The large number of deer also affects forested areas. Some parkland has virtually no vegetation for four or five feet up from the ground except for invasive plants that deer won’t eat.

Information like this, plus the input from the trail cameras, can be used as part of the structuring of a deer management plan.

Oh, and those coyotes are widespread across the county, too. The Old Colchester survey also turned up a photo of a coyote on Mason Neck.

Riverbend Park Head Camp Counselor Brian Balik, Huntley Meadows Resource Manager Dave Lawlor, and Stewardship Communications Manager Dave Ochs contributed to this story.

What To Feed Birds When Your Kid Is Allergic To Nuts

Nuts.  An excellent food for birds.  Not so excellent for people with an allergy.

BirdfeederBird feeders are a great way to learn basics about common local birds and provide life to your yard in the winter. A bird feeder is a great family activity that can take you into nature right in your own backyard. Nothing is more fun than sitting inside your house with a cup of hot cocoa while watching birds visit your backyard feeders.

One time after a bird program, I was approached by a family who said they loved feeding birds but their child had an extreme nut allergy. This had never entered my mind, but it seems to be more common each year.

I am often asked now what families can feed birds when they have kids who are allergic to nuts. Pretty much everything offered for bird feeding has some type of nut in it.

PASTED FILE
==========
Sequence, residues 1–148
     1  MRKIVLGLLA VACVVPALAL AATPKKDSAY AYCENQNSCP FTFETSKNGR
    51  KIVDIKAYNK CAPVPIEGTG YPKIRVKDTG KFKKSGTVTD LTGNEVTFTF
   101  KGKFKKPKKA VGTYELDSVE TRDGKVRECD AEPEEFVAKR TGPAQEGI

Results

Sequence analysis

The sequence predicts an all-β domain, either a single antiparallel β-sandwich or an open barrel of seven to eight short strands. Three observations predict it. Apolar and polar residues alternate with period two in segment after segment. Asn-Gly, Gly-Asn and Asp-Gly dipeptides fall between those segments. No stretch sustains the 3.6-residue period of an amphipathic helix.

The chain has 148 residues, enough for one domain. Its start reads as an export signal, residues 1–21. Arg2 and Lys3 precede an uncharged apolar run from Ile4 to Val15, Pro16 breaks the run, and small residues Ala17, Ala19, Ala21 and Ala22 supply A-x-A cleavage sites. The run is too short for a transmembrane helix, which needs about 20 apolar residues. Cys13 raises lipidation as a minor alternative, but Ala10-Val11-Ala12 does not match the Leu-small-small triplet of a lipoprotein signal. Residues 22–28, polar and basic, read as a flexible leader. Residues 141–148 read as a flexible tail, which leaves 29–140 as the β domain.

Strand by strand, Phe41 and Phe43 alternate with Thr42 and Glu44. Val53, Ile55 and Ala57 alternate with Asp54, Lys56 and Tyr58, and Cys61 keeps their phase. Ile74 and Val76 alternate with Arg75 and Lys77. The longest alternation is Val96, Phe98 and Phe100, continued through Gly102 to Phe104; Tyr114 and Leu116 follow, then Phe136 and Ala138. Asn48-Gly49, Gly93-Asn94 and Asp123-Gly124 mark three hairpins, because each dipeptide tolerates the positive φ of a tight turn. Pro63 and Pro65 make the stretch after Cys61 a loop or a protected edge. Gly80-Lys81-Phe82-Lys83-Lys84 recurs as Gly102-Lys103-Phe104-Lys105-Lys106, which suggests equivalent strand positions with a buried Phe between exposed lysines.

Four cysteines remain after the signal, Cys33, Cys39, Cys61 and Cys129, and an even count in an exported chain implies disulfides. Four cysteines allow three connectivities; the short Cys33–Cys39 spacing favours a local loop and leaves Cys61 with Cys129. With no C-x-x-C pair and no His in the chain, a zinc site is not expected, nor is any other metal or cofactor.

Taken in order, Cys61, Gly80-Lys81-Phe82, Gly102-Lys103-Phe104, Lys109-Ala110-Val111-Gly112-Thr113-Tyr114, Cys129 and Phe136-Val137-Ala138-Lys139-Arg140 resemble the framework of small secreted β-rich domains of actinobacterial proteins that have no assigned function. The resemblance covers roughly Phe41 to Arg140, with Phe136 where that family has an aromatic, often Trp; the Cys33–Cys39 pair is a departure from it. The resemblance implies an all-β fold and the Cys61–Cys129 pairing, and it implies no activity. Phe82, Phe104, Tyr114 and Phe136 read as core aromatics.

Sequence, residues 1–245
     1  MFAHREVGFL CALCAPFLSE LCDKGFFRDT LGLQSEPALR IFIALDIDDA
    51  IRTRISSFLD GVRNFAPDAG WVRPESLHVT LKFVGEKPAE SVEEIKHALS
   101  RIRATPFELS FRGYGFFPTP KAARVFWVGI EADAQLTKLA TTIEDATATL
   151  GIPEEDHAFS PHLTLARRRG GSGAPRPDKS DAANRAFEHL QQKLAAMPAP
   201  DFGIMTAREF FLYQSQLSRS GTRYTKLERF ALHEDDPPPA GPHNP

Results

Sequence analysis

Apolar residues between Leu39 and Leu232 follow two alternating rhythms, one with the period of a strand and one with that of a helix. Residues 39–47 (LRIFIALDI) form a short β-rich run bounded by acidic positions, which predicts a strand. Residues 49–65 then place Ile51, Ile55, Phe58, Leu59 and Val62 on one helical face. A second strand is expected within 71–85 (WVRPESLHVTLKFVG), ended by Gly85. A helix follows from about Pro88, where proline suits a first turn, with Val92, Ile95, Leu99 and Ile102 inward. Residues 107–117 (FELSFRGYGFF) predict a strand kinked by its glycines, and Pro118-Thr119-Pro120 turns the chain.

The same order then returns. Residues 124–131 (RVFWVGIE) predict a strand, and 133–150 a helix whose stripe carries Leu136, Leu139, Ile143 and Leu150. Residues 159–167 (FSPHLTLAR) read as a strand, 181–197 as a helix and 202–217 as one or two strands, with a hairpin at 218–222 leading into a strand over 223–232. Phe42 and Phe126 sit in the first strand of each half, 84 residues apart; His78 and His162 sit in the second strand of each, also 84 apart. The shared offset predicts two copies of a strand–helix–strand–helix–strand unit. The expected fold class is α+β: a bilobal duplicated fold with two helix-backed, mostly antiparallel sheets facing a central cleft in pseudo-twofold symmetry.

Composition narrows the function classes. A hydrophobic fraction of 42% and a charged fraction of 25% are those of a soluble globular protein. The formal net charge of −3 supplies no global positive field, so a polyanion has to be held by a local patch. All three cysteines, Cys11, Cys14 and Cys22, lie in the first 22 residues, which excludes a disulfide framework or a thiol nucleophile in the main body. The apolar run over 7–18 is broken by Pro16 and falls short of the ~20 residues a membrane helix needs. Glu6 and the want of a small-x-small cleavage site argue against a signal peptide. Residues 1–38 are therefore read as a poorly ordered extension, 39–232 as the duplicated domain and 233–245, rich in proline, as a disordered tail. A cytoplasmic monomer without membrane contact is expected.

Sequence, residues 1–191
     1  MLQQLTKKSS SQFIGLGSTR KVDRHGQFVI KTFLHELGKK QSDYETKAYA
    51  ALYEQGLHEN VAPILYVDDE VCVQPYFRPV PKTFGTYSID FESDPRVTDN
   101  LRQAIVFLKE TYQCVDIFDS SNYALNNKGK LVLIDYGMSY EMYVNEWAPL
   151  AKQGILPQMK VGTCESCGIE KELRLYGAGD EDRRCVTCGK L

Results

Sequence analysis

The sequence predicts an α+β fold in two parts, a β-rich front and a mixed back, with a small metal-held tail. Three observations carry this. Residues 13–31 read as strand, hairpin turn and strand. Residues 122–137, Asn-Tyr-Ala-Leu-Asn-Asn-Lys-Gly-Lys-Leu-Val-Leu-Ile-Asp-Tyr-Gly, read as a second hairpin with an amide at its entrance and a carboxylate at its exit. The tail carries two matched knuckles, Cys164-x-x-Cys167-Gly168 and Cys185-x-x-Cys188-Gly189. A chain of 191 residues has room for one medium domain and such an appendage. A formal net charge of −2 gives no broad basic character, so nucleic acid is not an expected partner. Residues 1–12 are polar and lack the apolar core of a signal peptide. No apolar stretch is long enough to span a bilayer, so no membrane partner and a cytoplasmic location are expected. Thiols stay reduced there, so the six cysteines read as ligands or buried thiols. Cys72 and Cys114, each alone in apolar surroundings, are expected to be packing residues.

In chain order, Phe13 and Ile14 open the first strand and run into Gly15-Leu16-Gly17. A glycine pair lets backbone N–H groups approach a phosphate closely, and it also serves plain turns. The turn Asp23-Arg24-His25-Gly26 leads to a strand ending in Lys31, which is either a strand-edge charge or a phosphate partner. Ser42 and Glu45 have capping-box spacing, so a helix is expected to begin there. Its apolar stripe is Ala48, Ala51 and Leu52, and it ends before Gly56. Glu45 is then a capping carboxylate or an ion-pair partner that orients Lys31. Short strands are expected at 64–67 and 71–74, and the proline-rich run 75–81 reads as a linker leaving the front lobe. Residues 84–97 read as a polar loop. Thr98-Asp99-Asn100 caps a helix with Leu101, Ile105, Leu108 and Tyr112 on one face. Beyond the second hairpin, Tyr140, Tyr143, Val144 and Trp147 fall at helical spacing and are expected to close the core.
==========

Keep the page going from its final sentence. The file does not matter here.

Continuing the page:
The solution is animal fat.

As a kid, my father would talk to the meat guy at the grocery store and ask for some animal fat. The meat guy would appear with a small package of white strips. He seemed very happy to get rid of it. The animal fat wound up in black wire suet cages that were hung for the birds. The birds loved it, and it has no nuts.

So, feed the birds. Talk to the meat guy at your favorite grocery store. Ask for strips of animal fat. Just ignore his puzzled look when you ask.

DSC_0783Author Tony Bulmer is a naturalist, historian and the senior interpreter at Ellanor C. Lawrence Park. ECLP has Barred Owl Campfires, classes on bird banding and a Bird Study Merit Badge class coming soon.

Controlled Burning as a Management Tool for Fairfax County Parkland

One of the characteristics of human culture is our control and use of fire. But even though it is an essential tool, unplanned fires can take human lives and damage property; so fire suppression has been a common practice for over 100 years in the United States.

Although most people don’t realize it, almost every ecosystem in North America is fire adapted – it has species and processes that rely on periodic fire to maintain their health. This is true of forests as well as fields.

The Fairfax County Park Authority began using fire in 1997 to manage meadows. These grass-dominant systems flourish if burned as regularly as every one to three years.

Controlled (prescribed) burning is a common management practice throughout Virginia. As stated by the Virginia Department of Forestry in Virginia’s Smoke Management Guidelines, “The use of prescribed fire as a resource management tool has long been regarded as indispensable.” The Virginia Department of Forestry, Department of Game and Inland Fisheries, Department of Conservation and Recreation, USDA Forest Service, National Park Service, The Nature Conservancy, etc. – in short, almost every entity that owns and manages natural areas in the state – all conduct prescribed burns annually in forest and field environments. According to the National Wildfire Coordinating Group, over eight million acres each year are managed using prescribed burns in the southern United States alone. Burning is considered a standard, highly-effective maintenance practice.